Sunday saw the news start to break, now the operation is in full swing. Iraqi troops have launched a Military offensive against the so-called Islamic State in a bid to re-capture Tikrit, the hometown of former dictator Saddam Hussein. The city lies 150km north of the capital of Baghdad and has become a stronghold for IS forces. In the region of 25,000 Iraqi troops are being supported by both Shia militia fighters and Sunni tribal fighters that oppose IS. The move to retake Tikrit is the first sign of fight by the country after the retreats and humiliation the army faced during the summer of 2014.

If the offensive proves successful, then it will open the doors to the main objective for Iraq, retaking the country’s second city, Mosul. 

However, the troops face an uphill battle before they can begin to think about a fight for Mosul. In fact, the real question at this point becomes, what triggered the decision to attack IS on the ground and what are the outcomes going forward? One thing appears to be a certainty, failure is not an option. The decision to launch the offensive has come following a change in leadership in Iraq, Haider al-Abadi was designated by President Fuad Masum to succeed Nouri al-Maliki as Prime Minister. He was approved by parliament in September 2014 and has since made a very significant promise: to retake the territories lost in the summer to IS, without taking revenge on the local citizens of the regions.

It is an important statement and one that may encourage those currently under IS control to aid Iraqi troops in their mission.

Perhaps the most interesting aspect of the offensive however, is the fact that according to the US, they are in no way involved in the ground operation. Reports from the Pentagon appeared to suggest that they had in fact been caught off guard by the Iraqi offensive.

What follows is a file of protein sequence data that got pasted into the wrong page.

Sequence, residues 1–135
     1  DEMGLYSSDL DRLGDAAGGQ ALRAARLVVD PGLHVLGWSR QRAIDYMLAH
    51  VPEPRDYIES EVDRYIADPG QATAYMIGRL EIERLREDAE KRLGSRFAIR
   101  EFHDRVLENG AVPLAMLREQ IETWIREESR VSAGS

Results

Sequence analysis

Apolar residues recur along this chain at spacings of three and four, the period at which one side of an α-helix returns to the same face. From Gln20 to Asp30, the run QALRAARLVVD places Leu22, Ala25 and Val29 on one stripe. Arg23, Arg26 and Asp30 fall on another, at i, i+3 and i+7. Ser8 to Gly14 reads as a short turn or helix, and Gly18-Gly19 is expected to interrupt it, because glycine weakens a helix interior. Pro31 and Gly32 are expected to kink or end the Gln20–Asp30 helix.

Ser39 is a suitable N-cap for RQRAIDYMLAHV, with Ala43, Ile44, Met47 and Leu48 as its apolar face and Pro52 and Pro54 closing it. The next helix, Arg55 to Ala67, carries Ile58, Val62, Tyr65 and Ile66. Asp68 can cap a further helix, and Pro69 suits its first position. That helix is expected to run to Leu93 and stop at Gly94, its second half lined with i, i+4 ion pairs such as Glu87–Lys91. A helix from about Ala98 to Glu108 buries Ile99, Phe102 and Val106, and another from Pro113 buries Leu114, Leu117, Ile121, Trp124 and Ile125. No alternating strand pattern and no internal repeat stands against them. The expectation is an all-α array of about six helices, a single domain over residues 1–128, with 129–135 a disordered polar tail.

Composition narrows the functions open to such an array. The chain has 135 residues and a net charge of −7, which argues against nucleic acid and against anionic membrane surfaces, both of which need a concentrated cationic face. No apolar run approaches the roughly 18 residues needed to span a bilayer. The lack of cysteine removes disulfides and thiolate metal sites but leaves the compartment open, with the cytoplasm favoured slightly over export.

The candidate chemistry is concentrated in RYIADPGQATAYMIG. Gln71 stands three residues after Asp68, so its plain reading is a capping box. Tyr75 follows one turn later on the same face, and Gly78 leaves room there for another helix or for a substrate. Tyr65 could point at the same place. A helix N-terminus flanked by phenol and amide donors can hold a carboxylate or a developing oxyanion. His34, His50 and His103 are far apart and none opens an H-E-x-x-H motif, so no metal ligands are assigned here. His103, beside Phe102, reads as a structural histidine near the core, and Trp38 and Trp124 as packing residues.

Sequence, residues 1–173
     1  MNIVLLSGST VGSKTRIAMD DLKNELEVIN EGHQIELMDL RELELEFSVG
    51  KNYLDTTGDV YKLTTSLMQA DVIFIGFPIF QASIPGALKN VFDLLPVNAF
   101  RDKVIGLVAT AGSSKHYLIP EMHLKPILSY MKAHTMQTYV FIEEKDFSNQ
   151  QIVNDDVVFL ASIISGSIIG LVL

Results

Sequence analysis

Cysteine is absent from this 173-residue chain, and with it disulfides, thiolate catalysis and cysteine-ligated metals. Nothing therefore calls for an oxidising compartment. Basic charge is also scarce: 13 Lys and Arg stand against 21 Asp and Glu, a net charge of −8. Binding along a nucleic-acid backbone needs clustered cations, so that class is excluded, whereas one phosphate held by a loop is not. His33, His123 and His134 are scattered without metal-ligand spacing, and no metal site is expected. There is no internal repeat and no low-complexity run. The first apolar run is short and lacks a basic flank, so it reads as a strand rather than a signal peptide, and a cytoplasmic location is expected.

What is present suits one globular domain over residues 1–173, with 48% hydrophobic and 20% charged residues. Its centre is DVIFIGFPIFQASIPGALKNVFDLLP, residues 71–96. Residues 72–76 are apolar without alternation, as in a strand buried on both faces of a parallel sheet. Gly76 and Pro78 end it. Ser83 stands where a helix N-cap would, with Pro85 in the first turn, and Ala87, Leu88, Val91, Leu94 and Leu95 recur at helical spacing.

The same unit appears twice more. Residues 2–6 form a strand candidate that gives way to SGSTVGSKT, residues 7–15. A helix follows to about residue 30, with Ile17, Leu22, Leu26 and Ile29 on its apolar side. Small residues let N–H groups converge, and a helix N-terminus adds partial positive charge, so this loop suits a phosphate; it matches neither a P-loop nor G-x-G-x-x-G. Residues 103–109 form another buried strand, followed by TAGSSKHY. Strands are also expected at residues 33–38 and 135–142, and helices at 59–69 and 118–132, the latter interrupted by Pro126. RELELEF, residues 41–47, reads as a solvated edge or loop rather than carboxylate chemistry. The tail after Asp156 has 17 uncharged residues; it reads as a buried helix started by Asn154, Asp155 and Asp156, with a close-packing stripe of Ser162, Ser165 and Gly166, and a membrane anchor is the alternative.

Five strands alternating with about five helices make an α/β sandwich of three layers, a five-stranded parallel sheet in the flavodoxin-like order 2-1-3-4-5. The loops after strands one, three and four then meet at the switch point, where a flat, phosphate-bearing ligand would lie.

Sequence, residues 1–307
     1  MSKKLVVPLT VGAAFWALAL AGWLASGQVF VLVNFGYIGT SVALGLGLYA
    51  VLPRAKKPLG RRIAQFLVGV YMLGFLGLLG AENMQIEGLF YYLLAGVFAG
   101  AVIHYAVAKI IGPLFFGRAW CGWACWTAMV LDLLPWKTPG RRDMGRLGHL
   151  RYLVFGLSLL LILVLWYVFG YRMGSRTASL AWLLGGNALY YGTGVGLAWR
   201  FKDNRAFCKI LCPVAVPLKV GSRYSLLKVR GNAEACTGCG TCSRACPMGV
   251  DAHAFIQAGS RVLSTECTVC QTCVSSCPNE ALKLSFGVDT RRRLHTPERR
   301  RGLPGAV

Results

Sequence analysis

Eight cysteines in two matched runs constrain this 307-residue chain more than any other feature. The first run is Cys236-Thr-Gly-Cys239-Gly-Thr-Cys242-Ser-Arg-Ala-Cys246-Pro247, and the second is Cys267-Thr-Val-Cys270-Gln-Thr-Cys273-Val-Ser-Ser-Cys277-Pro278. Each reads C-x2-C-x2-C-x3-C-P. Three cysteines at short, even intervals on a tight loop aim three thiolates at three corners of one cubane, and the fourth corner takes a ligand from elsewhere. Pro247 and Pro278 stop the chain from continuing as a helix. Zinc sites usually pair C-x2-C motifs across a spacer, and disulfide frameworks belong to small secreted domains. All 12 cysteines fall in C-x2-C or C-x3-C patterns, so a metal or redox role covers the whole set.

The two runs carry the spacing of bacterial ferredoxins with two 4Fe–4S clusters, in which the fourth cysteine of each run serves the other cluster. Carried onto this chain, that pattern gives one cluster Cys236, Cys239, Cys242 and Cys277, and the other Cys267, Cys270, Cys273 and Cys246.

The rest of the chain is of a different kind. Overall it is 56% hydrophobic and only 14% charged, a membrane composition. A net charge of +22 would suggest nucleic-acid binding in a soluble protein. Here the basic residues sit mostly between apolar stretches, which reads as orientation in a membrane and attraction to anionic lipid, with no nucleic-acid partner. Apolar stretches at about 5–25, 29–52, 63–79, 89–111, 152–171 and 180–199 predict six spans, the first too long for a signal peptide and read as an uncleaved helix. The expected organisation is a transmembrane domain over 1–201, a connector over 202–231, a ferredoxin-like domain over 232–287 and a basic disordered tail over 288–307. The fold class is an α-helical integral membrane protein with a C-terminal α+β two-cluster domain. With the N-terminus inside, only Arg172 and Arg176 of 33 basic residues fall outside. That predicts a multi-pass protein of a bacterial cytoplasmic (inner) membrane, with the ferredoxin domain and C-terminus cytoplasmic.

Furthermore, Colonel Steve Warren was quick to highlight that they will not be providing any support, on the ground or in the air, for the simple reason that “the Iraqis didn’t request our support.” While this may strike many as unusual, there is an even more surprising aspect to the offensive launched on Sunday.

It is the first time in recent history that the move is backed by both the US and Iran.

While the Pentagon stated that the US coalition is not involved in the operation itself, it is supporting the move to retake Tikrit. Despite the fact that the US and Iran have spent the majority of the past 20 years on less than friendly terms to put it mildly. While the US are not involved, Iran is not only supporting the move, it is providing assistance on the ground through the commander of the Iranian Revolutionary Guards, Gen Soleimani. He has ensured that pro-Iranian Shia militia mobilise in the fight against IS. It is one of the rare occasions where the US and Iran share the common goal of strengthening Iraq’s government as much as possible.

With the operation now underway with support from both the US and Iran, Iraq has a strong shoulder to rest on in case of emergency.

However, there is no doubt that in order for Iraqi troops to succeed and ultimately be able to move onto their true objective of Mosul, the promise made by al-Abadi will be key. How much control will he ultimately have over his troops and more importantly, the Shia militia, to ensure that the Sunni civilians present in the territories will in fact be protected once the region is back under Iraqi control? Only time will give us an answer, but that answer could well be the key to unlocking the prison IS has built in northern Iraq.